In a survey of 50 nurses, on the paediatric cardio-thoracic ward and children’s cardiac intensive care unit, 98% of them said family commitments, financial constraints, travel distance and friends in the area would mean they would not be prepared to move.
The NHS Safe and Sustainable review into children’s heart surgery provision in the UK concluded in July that surgery at Leeds would end leaving parents and patients to travel to centres in Newcastle, Liverpool and Birmingham for surgery.
The nursing staff on the ward, from sisters to play therapists, make up a team which has been designated as a gold standard network with a combined experience of 467 years. There is a risk the strong network breaking down if the recommendations by Safe and Sustainable to end surgery at the unit goes ahead.
Sharon Cheng, Children’s Heart Surgery Fund charity Director, said:
We’re fully committed to saving children’s heart surgery in Leeds as we believe the decision to end it is flawed. Nurses and parents alike have expressed their concern at the decision and have questioned the future of their jobs / surgery at the unit. We are working with them to ensure everyone is kept informed on the latest activity and assure everyone that we will do everything we can to reverse the decision.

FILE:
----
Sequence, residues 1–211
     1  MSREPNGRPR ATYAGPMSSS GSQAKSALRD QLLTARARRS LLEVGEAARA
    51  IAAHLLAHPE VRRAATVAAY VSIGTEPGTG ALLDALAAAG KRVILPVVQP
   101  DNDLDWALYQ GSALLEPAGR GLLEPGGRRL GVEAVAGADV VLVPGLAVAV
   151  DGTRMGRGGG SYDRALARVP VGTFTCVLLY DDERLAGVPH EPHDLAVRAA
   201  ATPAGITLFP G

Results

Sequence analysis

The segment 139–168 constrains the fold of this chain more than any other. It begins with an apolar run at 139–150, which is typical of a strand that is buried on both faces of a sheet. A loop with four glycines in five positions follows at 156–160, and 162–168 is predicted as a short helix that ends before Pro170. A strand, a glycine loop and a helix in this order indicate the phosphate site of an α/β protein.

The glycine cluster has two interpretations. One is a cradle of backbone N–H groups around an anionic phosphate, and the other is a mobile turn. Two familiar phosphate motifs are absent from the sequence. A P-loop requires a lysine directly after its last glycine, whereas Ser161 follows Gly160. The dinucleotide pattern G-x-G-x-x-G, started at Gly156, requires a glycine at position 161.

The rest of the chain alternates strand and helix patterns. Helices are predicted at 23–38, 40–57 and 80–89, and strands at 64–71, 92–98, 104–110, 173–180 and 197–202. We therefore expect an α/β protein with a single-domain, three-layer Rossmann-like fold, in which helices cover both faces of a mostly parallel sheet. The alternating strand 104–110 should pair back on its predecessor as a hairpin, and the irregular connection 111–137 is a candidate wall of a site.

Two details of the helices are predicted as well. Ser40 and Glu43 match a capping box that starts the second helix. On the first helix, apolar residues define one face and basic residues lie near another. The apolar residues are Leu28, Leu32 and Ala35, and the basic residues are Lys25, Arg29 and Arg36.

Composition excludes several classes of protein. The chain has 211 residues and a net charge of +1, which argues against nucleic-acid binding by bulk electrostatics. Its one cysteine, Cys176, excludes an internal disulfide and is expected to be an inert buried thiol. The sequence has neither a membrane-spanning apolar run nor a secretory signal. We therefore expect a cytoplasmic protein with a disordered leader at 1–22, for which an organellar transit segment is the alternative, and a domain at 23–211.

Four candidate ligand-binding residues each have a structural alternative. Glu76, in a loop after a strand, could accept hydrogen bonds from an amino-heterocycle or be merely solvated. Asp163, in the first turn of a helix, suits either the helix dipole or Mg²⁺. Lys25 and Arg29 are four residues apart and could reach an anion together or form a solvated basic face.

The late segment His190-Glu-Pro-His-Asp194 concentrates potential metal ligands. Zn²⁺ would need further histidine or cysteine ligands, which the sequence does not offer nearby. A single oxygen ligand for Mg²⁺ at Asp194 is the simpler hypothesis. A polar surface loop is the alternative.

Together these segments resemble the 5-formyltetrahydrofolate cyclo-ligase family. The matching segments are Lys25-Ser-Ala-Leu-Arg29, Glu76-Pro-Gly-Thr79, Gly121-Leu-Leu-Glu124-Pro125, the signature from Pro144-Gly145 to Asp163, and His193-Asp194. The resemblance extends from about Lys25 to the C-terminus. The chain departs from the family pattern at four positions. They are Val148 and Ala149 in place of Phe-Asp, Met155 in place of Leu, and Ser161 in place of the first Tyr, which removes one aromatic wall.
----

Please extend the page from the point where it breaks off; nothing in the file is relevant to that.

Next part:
There has been widespread public outcry since the decision was made on 4 July with almost 3,000 people attending a peaceful demonstration held on 23 July in Leeds. Politicians from all parties have joined forces to voice their outrage and have written to the former Health Secretary Andrew Lansley. The Health Overview and Scrutiny Panel, the group that represents councils from across the region, has also stated its intent to refer the decision to the Health Secretary.
Last year more than 600,000 people from across Yorkshire, the Humber and Lincolnshire signed a petition supporting the children’s heart unit at the LGI, which provides life-saving surgery to hundreds of children in Yorkshire and the Humber and beyond, annually. The campaign has continued to receive cross party political support from MPs who have already begun leading the debate in the House of Commons.